Theres Something About Mary
Published: Wednesday, March 24, 2004
Updated: Monday, November 5, 2012 20:11
Mary, I can say with fond memories, was my first.
That voice, husky yet soulful; those words, genuine and truthful; and lest I forget, that long, golden mane of hair.
Oh, that hair.
Yes, for all intents and purposes, Mary Travers was the first female, besides my mother, with whom I shared a real, human bond. And after almost 19 years now, she's still in my heart.
If you've already done the math in your head, you've figured out that I wasn't but a toddler when our relationship blossomed. But that's because my love of Mary isn't of the romantic, but of the musical. The songs of Travers, along with her two friends, Noel Paul Stookey and Peter Yarrow - known collectively as Peter, Paul and Mary - were the first exposure to music I ever had.
The wonder of a record player's mechanics combined with the sounds that came out of it sparked my imagination at just three years old. How could a shiny, round plastic disc make Mary pour out of these tiny little speakers and into my ears?
It must have been magic.
My parents, whose folk records I had adopted as my own, took my brother and me to a Peter, Paul and Mary concert at Kleinhan's Music Hall downtown. It was my first concert. I sat in awe of the three voices that shared songs of peace and freedom, and for the first time, found an artist to which I could relate.
This process of finding new music is normal to me now, though it takes a different form.
I'll find a new artist (or one that's new to me) and copy their MP3 files into my iTunes Library and onto my iPod. Simple as that; song acquired, song filed, song listened to. Maybe later I'll delete the files; maybe I'll put them into a playlist for further listening.
No record, no first concert, no special memory.
For a three-year-old boy, the wonder of that folk music was truly special and the concert a once-in-a-lifetime occurrence.
So when it was announced last spring that the trio, now in their late 60s, was coming back to Buffalo - to Kleinhan's, of all venues - I thought I'd make that one-time memory a repeat.
As the folk genre generally goes, it's often considered by younger audiences as "old person" music, only listened to on NPR and watched on PBS. While that's not entirely untrue, I admit that there's corniness in a song that wears its emotions on its sleeves.
Stookey's "Right Field," a perfect example, is nothing more than a boy talking about the joy of baseball. Their most famous song, "Puff (The Magic Dragon)," is about a boy and his pet dragon (though most would argue that it's the greatest marijuana anthem ever written).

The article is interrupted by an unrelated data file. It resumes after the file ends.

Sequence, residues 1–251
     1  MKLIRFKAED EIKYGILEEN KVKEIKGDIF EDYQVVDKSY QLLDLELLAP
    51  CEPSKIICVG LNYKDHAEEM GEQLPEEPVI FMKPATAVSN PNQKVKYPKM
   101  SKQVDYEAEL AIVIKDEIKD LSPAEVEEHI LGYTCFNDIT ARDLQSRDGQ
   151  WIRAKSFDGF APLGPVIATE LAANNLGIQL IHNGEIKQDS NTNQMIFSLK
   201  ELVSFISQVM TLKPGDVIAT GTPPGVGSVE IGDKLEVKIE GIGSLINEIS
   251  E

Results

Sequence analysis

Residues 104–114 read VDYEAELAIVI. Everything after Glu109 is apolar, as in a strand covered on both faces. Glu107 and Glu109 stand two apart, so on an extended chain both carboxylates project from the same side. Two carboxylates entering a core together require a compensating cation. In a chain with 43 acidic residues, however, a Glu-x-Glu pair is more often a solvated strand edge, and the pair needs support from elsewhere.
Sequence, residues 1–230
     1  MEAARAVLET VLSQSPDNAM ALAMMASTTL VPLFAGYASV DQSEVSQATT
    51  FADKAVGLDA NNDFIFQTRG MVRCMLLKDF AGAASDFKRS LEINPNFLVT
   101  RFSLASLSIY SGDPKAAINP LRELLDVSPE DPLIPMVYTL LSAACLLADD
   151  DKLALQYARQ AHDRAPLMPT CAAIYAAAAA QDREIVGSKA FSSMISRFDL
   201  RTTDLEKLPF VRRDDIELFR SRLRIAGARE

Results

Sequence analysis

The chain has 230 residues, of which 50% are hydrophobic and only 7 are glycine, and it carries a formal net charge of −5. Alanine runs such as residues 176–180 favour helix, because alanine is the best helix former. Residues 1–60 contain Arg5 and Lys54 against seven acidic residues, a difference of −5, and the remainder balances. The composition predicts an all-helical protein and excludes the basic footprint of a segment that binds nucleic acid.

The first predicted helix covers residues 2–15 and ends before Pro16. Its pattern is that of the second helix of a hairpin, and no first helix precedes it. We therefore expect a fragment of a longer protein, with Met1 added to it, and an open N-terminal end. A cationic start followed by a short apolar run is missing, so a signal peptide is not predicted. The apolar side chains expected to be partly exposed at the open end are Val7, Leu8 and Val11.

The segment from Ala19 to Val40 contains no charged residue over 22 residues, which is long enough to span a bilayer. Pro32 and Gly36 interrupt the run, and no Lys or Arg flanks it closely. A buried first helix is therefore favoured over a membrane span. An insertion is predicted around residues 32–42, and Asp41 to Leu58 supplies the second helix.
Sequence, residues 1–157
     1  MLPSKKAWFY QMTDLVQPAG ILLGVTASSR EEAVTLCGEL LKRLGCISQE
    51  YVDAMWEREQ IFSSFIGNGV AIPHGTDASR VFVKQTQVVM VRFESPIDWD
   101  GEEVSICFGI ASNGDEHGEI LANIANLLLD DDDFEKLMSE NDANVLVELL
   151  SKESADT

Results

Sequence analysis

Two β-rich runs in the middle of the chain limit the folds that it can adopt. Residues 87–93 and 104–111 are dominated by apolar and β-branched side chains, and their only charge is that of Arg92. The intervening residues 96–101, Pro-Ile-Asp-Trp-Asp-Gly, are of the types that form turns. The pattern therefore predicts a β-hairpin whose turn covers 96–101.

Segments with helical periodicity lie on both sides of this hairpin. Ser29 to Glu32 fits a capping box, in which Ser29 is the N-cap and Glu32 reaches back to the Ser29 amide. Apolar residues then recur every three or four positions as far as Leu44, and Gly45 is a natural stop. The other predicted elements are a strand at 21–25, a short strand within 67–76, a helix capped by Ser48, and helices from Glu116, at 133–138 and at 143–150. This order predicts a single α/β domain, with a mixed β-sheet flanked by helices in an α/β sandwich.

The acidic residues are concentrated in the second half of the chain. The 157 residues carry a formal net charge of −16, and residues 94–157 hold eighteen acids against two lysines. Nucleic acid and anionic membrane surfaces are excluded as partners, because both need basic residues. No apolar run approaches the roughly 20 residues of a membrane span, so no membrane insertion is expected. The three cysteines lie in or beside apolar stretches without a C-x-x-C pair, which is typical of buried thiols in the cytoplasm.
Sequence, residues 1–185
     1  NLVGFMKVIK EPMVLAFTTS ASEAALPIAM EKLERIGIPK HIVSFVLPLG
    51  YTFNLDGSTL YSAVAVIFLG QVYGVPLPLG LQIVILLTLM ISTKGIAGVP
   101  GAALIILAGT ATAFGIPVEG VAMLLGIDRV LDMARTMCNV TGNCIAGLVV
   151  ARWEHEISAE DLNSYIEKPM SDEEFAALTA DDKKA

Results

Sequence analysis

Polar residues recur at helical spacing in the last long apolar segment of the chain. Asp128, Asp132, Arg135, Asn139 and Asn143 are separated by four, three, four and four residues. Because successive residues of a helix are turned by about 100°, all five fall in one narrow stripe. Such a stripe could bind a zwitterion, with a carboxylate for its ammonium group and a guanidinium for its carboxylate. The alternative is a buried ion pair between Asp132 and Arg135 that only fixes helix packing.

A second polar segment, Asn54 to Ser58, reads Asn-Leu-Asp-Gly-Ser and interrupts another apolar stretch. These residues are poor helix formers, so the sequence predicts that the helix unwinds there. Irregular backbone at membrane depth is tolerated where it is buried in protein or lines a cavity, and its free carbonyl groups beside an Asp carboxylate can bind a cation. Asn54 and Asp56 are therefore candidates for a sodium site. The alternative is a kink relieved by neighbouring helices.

The trio, which has performed together for 43 years now, is not so young anymore, though, but Travers, Stookey and Yarrow are more astute than ever.
Their civil rights advocacy hasn't wavered since the '60s, when the movement was a bigger priority than it is today. Though we still have war and social injustice to contend with, there's a greater apathy towards speaking up for personal rights. The price for freedom has never been so high.
During the civil rights movement of the '60s, which our parents lived through in some capacity, the line between intolerance and justice was clearly defined. PP&M were arrested for their anti-establishment stance and called in by the House Un-American Activities Committee for suspicion of treasonous and disloyal conduct. They were Dixie Chick-ed before the Dixie Chicks were even born.
Seeing them in concert Saturday night, I was able to appreciate them on a new level. Maybe it's the fact that I'm now of the age that our parents were when they first heard the words of Bob Dylan's "Blowin' in the Wind" or Pete Seeger's "Where Have All the Flowers Gone."
Maybe it's because in that era, their words seem to count for something. Maybe it's because there were artists unafraid to speak their opinion, no matter how unpopular it was.
Maybe it's because there was bound to be a child in the audience who would fall in love with them the way I did.
I still think it's magic.